With regard to organizing the research, I used a simple index card file with the subject and date of the quote or event at the top, the quote in the body of the card, and the title, author and page of the resource information at the bottom. The cards were then organized by subject matter and then chronologically within each chapter’s subject.
Ferrante: Can you give us a sentence or two about Rasputin and the Jews?
Colón: Rasputin and The Jews: A Reversal of History is the product of research providing evidence that the Russian nobility, clergy and bureaucracy conspired in a smear campaign against Rasputin because they saw him as dangerous:
- for advocating equal rights for Jews (in opposition to the laws restricting their lives)
- for the popularity of his upbeat sermons of a loving God (in contrast to the fear of God preached in the Russian Orthodox Church)
- for being anti-war and preaching peace during World War I.
- and for believing that all citizens should have a say in government…the biggest threat to the nobility.
Ferrante: Why did you challenge the tradition beliefs about Rasputin?
Colón: History is written by the victors, not by the common man. It became clear to me that Rasputin became a collateral victim of, among other things, the virulent anti-Semitism of the aristocracy, bureaucracy and clergy. My research revealed that it was not only my ancestor’s experience that Rasputin was a generous man, a healer and a progressive humanitarian, but that others who knew him well witnessed the same traits, refuting the demonic image. For me, it was a matter of righting a century-old injustice. Interestingly, Rasputin and The Jews led me to a correspondence with Rasputin’s great-great granddaughter in France. She tours Europe and Russia lecturing to dispel the myths about Rasputin.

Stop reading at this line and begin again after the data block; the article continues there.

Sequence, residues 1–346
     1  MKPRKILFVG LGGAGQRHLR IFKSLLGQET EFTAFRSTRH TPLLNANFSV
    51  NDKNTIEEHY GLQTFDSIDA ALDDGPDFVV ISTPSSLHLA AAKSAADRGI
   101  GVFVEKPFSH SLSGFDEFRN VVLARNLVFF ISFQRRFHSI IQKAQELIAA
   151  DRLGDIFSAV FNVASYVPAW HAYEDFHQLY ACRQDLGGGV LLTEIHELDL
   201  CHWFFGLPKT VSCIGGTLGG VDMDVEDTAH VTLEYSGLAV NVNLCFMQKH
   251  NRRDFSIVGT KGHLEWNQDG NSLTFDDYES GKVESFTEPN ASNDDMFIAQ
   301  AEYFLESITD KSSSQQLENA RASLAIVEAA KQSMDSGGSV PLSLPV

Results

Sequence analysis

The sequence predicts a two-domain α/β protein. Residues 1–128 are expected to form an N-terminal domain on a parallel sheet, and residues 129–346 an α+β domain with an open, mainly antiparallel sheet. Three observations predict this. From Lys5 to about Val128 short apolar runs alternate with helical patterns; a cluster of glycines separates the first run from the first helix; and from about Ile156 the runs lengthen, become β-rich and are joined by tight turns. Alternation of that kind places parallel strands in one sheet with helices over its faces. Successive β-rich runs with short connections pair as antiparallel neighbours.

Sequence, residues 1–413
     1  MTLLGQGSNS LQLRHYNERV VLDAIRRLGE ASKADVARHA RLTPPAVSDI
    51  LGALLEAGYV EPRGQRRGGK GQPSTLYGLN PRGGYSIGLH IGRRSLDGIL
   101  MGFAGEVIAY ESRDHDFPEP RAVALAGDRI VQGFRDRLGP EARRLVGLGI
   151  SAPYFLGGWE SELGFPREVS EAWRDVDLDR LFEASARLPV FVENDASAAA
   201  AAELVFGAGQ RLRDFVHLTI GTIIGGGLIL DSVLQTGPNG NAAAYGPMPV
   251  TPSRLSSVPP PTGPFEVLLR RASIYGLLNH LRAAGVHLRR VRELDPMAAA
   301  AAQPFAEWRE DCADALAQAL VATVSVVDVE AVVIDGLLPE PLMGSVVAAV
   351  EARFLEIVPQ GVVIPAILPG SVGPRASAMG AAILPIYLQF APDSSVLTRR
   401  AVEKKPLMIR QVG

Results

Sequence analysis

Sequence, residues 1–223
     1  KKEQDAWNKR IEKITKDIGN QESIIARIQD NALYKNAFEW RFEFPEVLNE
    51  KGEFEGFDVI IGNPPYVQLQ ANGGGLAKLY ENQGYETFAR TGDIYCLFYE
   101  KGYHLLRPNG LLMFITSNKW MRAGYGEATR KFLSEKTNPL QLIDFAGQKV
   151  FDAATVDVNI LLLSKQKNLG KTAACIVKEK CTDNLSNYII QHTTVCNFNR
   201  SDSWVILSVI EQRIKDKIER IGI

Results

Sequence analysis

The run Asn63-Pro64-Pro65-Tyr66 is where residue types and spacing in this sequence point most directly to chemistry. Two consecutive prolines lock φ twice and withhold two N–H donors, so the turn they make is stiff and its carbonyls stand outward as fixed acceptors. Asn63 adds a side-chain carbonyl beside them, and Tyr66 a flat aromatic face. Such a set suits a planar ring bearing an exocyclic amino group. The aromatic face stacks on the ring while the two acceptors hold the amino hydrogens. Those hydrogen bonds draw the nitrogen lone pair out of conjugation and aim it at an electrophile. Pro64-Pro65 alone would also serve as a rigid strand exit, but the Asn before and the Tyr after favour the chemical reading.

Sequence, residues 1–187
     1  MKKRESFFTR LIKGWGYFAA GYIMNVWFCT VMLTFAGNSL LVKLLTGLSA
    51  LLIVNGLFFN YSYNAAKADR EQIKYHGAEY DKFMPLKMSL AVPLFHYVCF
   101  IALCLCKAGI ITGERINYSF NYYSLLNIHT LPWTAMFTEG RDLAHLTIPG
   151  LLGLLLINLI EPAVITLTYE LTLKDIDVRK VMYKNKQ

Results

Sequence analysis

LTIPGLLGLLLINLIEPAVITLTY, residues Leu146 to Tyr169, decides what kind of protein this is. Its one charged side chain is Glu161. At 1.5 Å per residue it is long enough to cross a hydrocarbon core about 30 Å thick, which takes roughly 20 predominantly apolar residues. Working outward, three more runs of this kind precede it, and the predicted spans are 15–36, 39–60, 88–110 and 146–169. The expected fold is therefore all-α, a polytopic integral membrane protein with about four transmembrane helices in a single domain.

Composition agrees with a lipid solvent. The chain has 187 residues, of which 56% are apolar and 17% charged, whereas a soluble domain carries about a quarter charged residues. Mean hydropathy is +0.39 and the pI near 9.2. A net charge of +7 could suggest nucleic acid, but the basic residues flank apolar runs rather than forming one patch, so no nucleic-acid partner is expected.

Ferrante: Your latest book is a picture book for children, Zeke Will Not Eat. Why did you choose this subject?
Colón: I’m in the process of writing a series of books for 2 to 6 year-olds, addressing typical toddler issues. Zeke Will Not Eat is the second one. I’ve done some research on the most common problems parents of this age group face and not eating is high on the list. The first book, Katy Rose Likes To Say NO!, addresses that stage where children assert their independence and establish themselves as separate from their parents by saying “no.”
Ferrante: Did the technique used in the book come from personal experience?
Colón: Yes it did. It was a technique I devised for myself as a child, using my imagination to make mealtime more interesting for myself. It was completely internal and not something I mentioned to my parents or siblings.
Ferrante: Do you have any other tips for parents having mealtime difficulties with a child?
Colón: At the beginning of each of these little books, there is a note to parents explaining the behavior and its purpose in the child’s development. With Zeke, I note that, barring medical issues, there are a variety of reasons for a child’s unwillingness to sit down at the table for a meal, from filling up on snacks and drinks too close to mealtime, to feeling excluded from the conversation, or simply exercising newly found manipulative abilities.